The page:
A disc–a small pad of gel-like tissue surrounded by a thick coating–is sandwiched between each of the bones (vertebrae) that make up the spinal column. Discs, which operate like shock absorbers, cushion the vertebrae, prevent he vertebrae from rubbing together, and allow the spine to bend. Accidents and injuries may cause the spine to misalign. When this misalignment occurs, weight is not distributed evenly across the disc below. The discs may move or “bulge” into the spinal canal or leak out tissue that may press against a nerve. The result is called a herniated, slipped, or ruptured disc.
The first symptom of a herniated disc is usually sudden and extreme pain. Most often, the discs in the lower lumbar and lower cervical regions herniate because this part of the spine carries most of the body’s weight. When the discs in the lumbar region herniate, the pain usually begins in the lower back but may travel into the buttocks, thighs, and legs and cause burning, tingling, and numbness. Discs that herniate in the upper portion of the spine (cervical vertebrae) may cause pain or weakness in the neck, shoulders, or arms
HOW BLAIR UPPER CERVICAL TREATMENT CAN HELP
Before considering an invasive treatment such as surgery, consult with a BLAIR UPPER CERVICAL Doctor regarding your specific case. In many cases, gentle spinal correction can help to realign the spine, reduce the irritation of the nerve from the herniated disc material, relieve pain, restore spinal mobility, and improve the physical condition of the patient.
The BLAIR UPPER CERVICAL correction gently restores the entire spine back to its normal position. With the spine properly realigned, equal pressure is then distributed across the herniated discs, and the affected area can heal. The NUCCA correction is equally effective for both cervical and lumbar disc herniations.
National Institute of Neurological Disorders and Stroke Web site. Available at: http:www.ninds.nih.gov. Accessed February 6, 2005 .
North American Spine Society Web site. Available at: http://www.spine.org. Accessed February 6, 2005.
Spine-health.com Web site. Available at: http://www.spine-health.com. Accessed February 5, 2005.
- American Academy of Orthopaedic Surgeons
- Nonprofit association providing education and practice management services for orthopaedic surgeons, allied health professionals as well as patient information.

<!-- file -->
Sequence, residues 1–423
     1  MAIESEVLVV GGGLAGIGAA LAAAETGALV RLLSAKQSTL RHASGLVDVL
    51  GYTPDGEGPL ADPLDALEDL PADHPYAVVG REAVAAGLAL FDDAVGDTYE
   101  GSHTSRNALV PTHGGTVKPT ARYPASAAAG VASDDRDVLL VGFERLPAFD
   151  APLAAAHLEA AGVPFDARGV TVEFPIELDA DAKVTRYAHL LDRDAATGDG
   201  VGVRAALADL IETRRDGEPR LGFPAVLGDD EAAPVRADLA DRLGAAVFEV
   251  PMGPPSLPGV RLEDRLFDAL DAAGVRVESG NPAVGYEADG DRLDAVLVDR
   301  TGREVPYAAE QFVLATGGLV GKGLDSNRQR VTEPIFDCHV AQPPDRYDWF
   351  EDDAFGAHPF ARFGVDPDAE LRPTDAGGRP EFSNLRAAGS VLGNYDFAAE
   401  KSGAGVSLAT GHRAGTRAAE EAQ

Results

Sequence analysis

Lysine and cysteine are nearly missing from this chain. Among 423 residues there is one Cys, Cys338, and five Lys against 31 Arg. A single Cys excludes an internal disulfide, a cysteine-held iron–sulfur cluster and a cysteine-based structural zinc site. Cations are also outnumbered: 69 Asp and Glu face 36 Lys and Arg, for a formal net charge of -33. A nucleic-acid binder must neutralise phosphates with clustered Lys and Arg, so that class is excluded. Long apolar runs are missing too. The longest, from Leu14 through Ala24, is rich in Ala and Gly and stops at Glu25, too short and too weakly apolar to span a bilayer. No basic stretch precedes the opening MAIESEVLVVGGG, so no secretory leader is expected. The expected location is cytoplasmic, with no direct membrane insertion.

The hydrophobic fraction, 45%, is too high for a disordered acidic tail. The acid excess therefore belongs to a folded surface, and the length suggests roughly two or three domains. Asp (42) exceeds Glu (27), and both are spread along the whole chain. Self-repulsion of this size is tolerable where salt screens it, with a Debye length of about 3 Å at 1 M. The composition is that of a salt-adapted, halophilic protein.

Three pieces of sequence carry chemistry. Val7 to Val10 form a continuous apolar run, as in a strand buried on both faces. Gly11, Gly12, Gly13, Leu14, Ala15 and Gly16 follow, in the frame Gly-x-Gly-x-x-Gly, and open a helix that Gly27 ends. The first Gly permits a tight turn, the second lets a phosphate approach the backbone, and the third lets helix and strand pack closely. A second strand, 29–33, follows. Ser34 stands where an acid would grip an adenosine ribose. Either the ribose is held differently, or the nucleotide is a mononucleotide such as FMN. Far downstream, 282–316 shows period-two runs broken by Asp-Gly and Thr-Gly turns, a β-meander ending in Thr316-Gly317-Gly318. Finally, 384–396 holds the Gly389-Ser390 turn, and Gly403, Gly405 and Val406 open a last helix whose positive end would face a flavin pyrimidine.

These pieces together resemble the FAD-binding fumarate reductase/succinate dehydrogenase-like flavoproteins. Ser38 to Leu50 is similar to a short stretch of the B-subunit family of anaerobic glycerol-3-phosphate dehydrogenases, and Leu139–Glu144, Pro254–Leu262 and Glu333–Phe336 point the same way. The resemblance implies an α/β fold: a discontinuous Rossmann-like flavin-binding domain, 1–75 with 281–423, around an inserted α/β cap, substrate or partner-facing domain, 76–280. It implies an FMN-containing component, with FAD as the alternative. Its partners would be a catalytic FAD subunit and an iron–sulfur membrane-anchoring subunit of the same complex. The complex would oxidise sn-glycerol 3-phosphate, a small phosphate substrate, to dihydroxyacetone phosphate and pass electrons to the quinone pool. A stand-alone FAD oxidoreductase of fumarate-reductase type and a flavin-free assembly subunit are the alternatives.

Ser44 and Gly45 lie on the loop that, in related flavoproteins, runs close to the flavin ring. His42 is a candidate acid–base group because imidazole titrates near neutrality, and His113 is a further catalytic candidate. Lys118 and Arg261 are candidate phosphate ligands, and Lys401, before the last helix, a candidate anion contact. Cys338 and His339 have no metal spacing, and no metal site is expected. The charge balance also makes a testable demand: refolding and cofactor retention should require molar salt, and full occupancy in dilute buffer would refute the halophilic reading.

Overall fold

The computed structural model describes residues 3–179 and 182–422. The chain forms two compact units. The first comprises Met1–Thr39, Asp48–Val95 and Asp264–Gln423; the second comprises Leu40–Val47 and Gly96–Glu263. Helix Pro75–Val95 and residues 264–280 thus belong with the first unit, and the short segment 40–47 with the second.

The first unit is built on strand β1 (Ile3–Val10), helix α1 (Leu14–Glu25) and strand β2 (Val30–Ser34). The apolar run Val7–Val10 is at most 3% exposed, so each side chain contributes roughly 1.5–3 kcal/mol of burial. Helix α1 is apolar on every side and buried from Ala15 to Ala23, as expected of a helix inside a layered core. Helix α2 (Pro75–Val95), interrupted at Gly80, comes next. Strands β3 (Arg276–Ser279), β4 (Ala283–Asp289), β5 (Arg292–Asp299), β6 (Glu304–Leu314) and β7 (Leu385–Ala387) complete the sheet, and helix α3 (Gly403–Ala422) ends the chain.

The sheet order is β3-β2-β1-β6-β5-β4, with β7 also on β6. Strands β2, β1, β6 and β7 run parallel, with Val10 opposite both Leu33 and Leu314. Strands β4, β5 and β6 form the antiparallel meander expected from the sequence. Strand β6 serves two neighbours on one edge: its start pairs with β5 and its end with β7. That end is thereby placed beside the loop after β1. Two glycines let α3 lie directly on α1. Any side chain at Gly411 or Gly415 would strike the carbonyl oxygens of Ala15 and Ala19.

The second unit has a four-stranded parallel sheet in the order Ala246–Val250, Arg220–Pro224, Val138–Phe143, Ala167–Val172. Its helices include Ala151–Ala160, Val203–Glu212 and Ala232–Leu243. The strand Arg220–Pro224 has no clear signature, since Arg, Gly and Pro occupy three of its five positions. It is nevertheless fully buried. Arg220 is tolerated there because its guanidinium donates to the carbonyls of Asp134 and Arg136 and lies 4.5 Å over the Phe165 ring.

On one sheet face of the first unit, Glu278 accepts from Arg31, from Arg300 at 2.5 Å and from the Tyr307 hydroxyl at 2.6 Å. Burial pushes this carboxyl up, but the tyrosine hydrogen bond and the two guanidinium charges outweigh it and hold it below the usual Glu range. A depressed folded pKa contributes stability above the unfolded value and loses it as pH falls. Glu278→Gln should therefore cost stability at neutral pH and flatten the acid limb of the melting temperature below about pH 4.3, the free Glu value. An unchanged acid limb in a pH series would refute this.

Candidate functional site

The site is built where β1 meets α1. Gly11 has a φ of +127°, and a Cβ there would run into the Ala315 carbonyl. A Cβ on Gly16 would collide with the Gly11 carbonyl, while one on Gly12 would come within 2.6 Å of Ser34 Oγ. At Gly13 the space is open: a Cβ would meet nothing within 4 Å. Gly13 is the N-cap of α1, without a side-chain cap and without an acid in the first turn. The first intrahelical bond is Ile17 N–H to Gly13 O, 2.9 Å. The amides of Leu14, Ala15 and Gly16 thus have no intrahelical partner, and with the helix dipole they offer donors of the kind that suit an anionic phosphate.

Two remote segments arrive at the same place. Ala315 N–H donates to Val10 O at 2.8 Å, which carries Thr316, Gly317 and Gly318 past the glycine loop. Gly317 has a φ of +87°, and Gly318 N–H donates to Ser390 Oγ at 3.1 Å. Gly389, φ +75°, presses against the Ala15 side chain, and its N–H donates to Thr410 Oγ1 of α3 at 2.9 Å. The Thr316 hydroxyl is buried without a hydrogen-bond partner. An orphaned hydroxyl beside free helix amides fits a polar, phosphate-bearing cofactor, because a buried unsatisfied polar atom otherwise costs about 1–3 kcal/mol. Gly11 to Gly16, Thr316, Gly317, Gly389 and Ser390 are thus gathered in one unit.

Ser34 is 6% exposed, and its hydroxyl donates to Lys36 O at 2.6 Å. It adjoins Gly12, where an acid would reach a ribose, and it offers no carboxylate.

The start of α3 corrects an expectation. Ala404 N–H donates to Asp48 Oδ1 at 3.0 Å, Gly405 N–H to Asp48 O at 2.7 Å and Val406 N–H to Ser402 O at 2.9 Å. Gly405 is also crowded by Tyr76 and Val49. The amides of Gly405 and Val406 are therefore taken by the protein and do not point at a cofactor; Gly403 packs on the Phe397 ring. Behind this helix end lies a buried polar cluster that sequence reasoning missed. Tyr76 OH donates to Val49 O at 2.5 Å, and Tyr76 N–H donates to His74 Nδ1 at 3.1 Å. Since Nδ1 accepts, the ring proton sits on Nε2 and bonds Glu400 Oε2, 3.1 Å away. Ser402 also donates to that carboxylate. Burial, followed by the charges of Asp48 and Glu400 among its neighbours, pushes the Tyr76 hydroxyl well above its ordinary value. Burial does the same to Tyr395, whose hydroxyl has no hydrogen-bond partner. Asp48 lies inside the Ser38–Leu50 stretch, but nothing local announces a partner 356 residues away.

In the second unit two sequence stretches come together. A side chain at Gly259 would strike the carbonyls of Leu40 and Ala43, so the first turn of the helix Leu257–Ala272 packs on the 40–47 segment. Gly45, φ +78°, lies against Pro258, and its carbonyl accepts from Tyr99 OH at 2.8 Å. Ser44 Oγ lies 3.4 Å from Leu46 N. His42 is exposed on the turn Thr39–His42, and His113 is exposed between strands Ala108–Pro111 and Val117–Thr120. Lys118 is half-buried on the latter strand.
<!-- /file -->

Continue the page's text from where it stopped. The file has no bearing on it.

- American Chronic Pain Association
- Provides information concerning services, conditions and pain management issues.
- National Institute of Neurological Disorders and Stroke
- The nation’s leading supporter of biomedical research on disorders of the brain and nervous system.
- North American Spine Society
- Multidisciplinary medical organization that advances quality spine care through education, research, and advocacy.
- Web site developed by multispecialty group of medical professionals; useful resource for understanding, preventing, and seeking appropriate treatment for back and neck pain and related conditions.
The intervertebral discs are cartilaginous plates surrounded by a fibrous ring that lie between the vertebral bodies and serve to cushion them. Through degeneration, wear and tear, and trauma, the fibrous tissue (annulus fibrosus) constraining the soft disc material (nucleus pulposus) may tear or become compressed. This squeezing or protrusion of the disc has been called herniated disc, ruptured disc, herniated nucleus pulposus, or prolapsed disc.
How Upper Cervical Care Relates to Disc Disorders / Herniated Discs
Disc disorders are frequently linked to spinal trauma in medical literature.1-22 Often, trauma is directed at the neck during auto accidents, head injuries, sports accidents, and falls. Because the brain stem contains the control center for the postural muscles of the spine, an injury at the upper neck can interfere with the brain’s normal control over those postural muscles, leading to muscular weakness, atrophy and spasm throughout the neck and back. Spasm of the spinal muscles can lead to compression of the spinal vertebrae, and ultimately to compression of the cervical, thoracic, and/or lumbar intervertebral discs.
While many disc disorder sufferers recall specific traumas such as head injuries, auto accidents or falls, which could have injured their spines, some do not. An evaluation is necessary in each individual’s case to assess whether an upper cervical injury is present and whether benefit from upper cervical care can be achieved.